Stephen Crane (1871-1900) was born in 1871 in Newark, New Jersey. He was educated at Lafayette College and Syracuse University. In 1891, he got a job as a freelance reporter, writing articles about the slums of New York. Without steady work as a reporter, Crane, himself, was a poor man and lived in The Bowery, New York's worst slum.

This firsthand experience of poverty gave Crane the material he needed for his first novel, Maggie, a Girl of the Streets. It was a tragic story about a young prostitute who commits suicide. Crane used what little money he had to publish the book in 1893, using the pen-name Johnston Smith. Although it was not a commercially successful novel, the book received excellent critical reviews.

In 1895, Crane published his second novel, The Red Badge of Courage. It was a powerful and realistic psychological portrait of a young soldier fighting in the American Civil War. This novel brought Crane international recognition as a great novelist. He was one of the first American writers to work in the style known as Naturalism.

Naturalism portrayed characters who were not in total control of their lives, but rather, were strongly affected by natural forces. These forces could be the internal emotions or personality conflicts of the characters themselves, or they could be external elements like the stormy sea in The Open Boat, or social situations, such as war in The Red Badge of Courage.

Although Crane had never been a soldier himself, he worked as a war correspondent for several American and foreign newspapers. He reported on the war between Greece and Turkey in 1897, as well as on the Spanish-American War, fought between the United States and Spain, in Cuba and the Philippines in 1898.

Just before the Spanish-American war broke out, Crane was shipwrecked while on an expedition to Cuba. This experience is the basis of The Open Boat. The character referred to in the story as the correspondent is most likely Crane himself. Sadly, Crane developed tuberculosis as a result of his weakened condition after the shipwreck. He died in 1900 at the age of 28.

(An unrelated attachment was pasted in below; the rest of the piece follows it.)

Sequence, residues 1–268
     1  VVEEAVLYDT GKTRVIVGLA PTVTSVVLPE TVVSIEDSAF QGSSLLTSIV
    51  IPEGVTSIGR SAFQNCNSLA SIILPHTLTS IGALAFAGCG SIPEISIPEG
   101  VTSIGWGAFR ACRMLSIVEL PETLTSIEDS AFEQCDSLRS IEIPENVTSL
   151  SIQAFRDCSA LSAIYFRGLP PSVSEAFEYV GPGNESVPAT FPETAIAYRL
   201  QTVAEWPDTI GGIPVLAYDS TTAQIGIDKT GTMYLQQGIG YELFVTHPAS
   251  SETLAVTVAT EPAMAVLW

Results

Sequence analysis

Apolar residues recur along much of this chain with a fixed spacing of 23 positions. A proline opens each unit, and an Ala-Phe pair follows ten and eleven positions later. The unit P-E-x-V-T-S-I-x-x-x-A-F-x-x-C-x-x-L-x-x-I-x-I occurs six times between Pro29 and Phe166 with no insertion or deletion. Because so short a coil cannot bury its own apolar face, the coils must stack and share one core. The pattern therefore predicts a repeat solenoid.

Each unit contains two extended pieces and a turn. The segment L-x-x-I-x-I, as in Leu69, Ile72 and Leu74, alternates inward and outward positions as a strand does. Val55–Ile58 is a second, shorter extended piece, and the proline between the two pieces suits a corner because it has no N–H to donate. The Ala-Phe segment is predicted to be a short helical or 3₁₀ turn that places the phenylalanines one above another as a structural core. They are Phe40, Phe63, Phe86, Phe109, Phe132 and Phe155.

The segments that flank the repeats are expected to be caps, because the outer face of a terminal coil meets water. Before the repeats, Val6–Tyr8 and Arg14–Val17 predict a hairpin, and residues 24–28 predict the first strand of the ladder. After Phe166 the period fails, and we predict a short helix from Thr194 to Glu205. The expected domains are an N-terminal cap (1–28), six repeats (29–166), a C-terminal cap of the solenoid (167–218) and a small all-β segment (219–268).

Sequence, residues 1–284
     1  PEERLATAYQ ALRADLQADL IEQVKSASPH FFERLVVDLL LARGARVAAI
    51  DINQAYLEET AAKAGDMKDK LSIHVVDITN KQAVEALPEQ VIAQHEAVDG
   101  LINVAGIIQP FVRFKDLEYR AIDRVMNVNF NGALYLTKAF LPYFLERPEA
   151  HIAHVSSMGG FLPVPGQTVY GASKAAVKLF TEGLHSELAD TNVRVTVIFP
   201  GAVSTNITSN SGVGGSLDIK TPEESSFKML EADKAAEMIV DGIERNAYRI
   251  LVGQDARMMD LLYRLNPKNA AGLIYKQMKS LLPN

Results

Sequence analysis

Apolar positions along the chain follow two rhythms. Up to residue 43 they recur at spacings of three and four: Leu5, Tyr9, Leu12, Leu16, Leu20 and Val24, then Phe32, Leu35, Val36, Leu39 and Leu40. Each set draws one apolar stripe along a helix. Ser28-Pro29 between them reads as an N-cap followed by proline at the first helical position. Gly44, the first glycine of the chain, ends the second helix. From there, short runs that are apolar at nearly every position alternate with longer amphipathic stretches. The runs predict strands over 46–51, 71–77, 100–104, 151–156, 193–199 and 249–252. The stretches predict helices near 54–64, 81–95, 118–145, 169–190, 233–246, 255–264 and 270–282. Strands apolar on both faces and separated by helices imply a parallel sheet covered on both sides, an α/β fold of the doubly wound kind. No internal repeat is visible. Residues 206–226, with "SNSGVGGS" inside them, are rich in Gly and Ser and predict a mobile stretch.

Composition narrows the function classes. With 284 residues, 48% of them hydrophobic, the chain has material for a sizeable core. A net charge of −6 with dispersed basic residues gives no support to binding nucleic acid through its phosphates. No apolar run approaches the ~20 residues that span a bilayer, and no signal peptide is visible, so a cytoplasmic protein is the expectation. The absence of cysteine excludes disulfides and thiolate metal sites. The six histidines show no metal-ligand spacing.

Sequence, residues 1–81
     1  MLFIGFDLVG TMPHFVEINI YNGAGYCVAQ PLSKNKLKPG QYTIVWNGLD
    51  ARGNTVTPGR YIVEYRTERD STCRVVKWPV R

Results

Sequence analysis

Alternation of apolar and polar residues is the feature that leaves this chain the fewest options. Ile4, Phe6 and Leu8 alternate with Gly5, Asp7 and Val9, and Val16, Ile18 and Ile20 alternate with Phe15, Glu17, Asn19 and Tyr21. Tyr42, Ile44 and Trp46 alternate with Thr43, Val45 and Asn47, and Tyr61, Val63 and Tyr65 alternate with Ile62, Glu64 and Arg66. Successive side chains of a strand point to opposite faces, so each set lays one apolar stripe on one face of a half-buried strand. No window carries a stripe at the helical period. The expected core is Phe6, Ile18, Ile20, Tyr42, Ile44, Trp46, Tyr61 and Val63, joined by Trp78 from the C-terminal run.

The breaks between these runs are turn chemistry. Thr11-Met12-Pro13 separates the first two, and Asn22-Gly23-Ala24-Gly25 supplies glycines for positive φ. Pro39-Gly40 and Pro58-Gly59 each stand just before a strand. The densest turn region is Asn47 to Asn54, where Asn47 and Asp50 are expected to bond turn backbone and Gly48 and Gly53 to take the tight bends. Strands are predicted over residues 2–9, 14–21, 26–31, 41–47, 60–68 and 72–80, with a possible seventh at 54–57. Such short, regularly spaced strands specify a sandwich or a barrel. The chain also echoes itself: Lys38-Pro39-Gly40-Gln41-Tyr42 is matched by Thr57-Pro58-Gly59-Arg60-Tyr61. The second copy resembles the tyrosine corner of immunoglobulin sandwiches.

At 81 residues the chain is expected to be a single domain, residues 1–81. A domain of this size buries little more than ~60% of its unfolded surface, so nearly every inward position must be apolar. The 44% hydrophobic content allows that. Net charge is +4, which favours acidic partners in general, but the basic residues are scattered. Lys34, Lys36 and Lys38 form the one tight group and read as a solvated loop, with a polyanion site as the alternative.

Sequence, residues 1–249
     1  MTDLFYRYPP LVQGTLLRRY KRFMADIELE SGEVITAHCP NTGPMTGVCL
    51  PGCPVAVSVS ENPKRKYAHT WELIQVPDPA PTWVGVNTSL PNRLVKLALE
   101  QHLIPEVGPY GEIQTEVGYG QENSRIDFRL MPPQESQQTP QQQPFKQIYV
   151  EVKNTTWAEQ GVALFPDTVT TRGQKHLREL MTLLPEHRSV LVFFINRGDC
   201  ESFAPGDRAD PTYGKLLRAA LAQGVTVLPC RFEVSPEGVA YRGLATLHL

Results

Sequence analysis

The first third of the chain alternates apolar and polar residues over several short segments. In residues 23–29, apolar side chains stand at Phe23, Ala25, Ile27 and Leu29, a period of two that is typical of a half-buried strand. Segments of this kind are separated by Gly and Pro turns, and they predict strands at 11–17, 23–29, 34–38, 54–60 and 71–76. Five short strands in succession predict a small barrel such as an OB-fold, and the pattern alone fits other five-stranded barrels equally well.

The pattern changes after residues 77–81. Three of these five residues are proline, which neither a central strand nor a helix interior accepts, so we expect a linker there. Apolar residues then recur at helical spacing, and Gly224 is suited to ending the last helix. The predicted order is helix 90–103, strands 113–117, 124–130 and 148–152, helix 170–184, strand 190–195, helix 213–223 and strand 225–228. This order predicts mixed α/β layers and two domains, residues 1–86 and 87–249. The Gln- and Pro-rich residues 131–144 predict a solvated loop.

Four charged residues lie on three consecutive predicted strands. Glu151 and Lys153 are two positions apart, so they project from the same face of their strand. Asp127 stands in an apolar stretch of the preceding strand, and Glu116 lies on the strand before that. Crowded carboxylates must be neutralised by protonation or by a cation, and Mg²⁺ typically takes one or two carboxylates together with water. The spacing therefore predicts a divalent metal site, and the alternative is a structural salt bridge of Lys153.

Vocab checkpoint
freelance adjective

To work on a freelance basis, means to work independently of a particular company or organization. A freelance professional may work with different companies at the same time.

steady adjective

Steady means secure and/or reliable. Steady work implies a full time job with a regular salary.

firsthand adjective

Firsthand (all one word) experience, means experience that has happened to a person directly. The person has not learned about the experience from another. Compare this with second-hand (two words with hyphen), which means something, like a car, has been owned by somebody else before the new owner bought it.

tragic adjective

If something is tragic, it is very sad and causes a lot of problems for people who experience it. We often use tragic to describe a person's death, a car crash, a natural disaster (earthquake, volcano, etc). The noun is tragedy.

recognition noun

Recognition, in this example, means being noticed by others and given credit for talent or hard-work. It should not be confused with the mean of recognition that is directly connected to the verb, recognize, which means to remember the face of a person when you see her/him.

portrayed verb

To portray is to represent an image or character, or sequence of events, in writing, theater or film. The noun is portrayal, which should not be confused with portrait, also a noun, which means a painting or photograph of a person's face.

natural forces noun

We use natural forces to describe the power of the elements: air, earth, fire and water. These descriptions are often related to disasters or difficulties caused by these elements. The Open Boat is a story of the struggle of four men against natural forces.

correspondent noun

A Correspondent is a person who is employed by a newspaper, magazine or TV company to provide reports or articles on a regular basis. They often work on a single subject, e.g. war correspondent, sports correspondent.

broke out phrasal verb

To break out is to begin suddenly. Here it means the beginning of a war. It is often used to talk about illness or physical condition (break out in a rash, break out in a sweat). Another common meaning is to escape: break out of jail.

tuberculosis noun

Tuberculosis (often called TB) is a serious disease of the lungs.